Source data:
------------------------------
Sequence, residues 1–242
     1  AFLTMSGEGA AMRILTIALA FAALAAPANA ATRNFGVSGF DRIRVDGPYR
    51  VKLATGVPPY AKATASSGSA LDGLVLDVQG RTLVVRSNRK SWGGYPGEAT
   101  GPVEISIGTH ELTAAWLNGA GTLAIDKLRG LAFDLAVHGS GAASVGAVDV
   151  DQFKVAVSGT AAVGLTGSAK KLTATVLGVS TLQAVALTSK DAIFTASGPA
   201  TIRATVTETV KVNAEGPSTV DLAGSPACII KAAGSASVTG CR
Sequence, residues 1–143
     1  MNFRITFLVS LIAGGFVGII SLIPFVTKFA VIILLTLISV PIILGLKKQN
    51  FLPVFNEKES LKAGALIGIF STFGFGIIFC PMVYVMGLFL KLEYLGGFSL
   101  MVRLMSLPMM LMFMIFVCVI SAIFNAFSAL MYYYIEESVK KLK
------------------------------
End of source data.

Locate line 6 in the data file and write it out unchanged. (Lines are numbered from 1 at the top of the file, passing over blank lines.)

   201  TIRATVTETV KVNAEGPSTV DLAGSPACII KAAGSASVTG CR